5G Telecom New Revenue Growth Shifts to Enterprise Sources
The telecom industry is moving to new business models that change revenue opportunities in both mobile and fixed realms. Among the biggest changes: mobile revenue growth is going to shift to enterprise, away from consumer; from people to sensors. And fixed network revenue growth likewise is shifting from retail to wholesale.
In the mobile segment, the advent of 5G networks actually represents a discontinuity. As mobile subscriptions sold to people saturate, growth is going to come from selling connections to sensors and internet of things devices, in part.
The bigger change is that mobile access providers will have to move up the stack into higher-margin services and apps that underpin the value of IoT.
The precursor is what is happening in media and communications, as more mobile and fixed operators discover that growth hinges on moving into the content portions of the internet ecosystem.
In the fixed network, more of the value is coming from backhaul for smaller cells, as well as services for IoT, inherently an enterprise opportunity, for the most part.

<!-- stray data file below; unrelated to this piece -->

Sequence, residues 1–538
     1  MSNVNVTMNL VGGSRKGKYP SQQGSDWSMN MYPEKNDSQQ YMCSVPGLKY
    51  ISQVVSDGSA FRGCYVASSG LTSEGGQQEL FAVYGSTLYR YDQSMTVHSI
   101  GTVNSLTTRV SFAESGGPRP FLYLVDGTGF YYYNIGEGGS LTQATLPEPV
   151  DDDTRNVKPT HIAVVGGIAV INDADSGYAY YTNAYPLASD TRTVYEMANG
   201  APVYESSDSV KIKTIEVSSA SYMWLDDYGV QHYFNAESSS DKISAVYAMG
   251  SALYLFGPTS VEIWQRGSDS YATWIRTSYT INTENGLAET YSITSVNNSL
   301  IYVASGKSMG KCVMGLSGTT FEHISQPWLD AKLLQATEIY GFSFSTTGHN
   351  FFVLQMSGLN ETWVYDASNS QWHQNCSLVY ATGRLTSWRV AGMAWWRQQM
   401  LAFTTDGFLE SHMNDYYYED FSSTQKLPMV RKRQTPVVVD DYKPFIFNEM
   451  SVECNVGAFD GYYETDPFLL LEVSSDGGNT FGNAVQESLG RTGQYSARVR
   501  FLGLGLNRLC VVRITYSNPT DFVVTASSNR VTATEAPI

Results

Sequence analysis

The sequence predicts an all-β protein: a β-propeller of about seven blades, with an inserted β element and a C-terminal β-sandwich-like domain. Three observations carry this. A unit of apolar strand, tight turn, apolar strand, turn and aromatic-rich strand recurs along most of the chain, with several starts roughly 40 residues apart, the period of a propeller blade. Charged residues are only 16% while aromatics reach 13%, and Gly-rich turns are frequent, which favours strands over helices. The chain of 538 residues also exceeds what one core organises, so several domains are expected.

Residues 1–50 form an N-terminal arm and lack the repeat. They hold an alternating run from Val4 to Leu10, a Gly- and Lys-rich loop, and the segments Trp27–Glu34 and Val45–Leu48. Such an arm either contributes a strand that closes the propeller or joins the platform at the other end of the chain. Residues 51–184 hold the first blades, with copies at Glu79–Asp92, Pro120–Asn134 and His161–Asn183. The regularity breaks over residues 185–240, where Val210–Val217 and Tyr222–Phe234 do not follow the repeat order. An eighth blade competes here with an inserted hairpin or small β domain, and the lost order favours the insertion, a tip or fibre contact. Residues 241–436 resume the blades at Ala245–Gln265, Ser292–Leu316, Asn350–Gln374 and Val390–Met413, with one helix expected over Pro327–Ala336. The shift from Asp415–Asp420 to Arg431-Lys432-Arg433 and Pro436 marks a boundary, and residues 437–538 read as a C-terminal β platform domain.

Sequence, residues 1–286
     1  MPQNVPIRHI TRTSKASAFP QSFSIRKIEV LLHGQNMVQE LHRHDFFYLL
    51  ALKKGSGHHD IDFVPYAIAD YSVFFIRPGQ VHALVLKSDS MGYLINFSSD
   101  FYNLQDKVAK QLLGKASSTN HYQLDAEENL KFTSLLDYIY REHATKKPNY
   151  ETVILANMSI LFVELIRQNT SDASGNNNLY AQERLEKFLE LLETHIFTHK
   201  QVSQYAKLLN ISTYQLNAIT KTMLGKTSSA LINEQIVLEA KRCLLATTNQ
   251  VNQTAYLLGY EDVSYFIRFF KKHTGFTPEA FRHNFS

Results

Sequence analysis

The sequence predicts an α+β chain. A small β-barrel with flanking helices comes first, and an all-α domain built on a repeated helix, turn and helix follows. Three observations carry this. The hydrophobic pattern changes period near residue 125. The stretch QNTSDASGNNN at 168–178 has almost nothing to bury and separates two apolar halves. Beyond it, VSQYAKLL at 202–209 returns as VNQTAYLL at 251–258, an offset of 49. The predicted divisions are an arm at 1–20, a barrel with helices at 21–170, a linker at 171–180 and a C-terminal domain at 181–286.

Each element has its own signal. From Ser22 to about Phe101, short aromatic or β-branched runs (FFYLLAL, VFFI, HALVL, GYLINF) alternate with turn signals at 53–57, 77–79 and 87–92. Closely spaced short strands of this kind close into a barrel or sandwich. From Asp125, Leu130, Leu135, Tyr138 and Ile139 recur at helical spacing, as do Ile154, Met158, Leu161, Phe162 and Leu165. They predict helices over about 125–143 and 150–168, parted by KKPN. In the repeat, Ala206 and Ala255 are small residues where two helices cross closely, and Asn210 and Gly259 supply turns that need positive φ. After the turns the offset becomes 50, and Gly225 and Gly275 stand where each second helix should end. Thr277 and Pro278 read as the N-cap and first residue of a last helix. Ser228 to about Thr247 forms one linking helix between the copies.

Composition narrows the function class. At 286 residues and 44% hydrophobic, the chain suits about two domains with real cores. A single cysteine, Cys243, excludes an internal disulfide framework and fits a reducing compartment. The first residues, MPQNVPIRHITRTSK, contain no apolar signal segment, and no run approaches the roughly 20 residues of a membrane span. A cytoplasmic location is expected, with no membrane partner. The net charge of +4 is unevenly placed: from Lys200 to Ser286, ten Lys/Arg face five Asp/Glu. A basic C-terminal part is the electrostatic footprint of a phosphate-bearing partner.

As mobile and untethered access becomes dominant, with new mixes of licensed and unlicensed spectrum, the business value of the fixed network also is changing, with unlicensed spectrum assuming a bigger part of the facilities mix.
There is a simple explanation for that forecast. Essentially, 5G cannibalizes 4G, as 4G cannibalized 3G and 3G cannibalized 2G, and 2G displaced 1G.
Revenue upside from new applications and use cases does occur, though. Apps and use cases based on internet access are displacing voice and messaging revenue, for example.
That will be true for 5G, as well. In principle, it is services and apps supporting internet of things (non-human users) that represents the incremental growth, as 5G for human users will mostly be simple displacement.
And most of those non-human use cases will involve enterprises building networks, and offering services, involving sensors and big data analytics to “do things in the real world” based on insights gleaned from patterns in all that big data.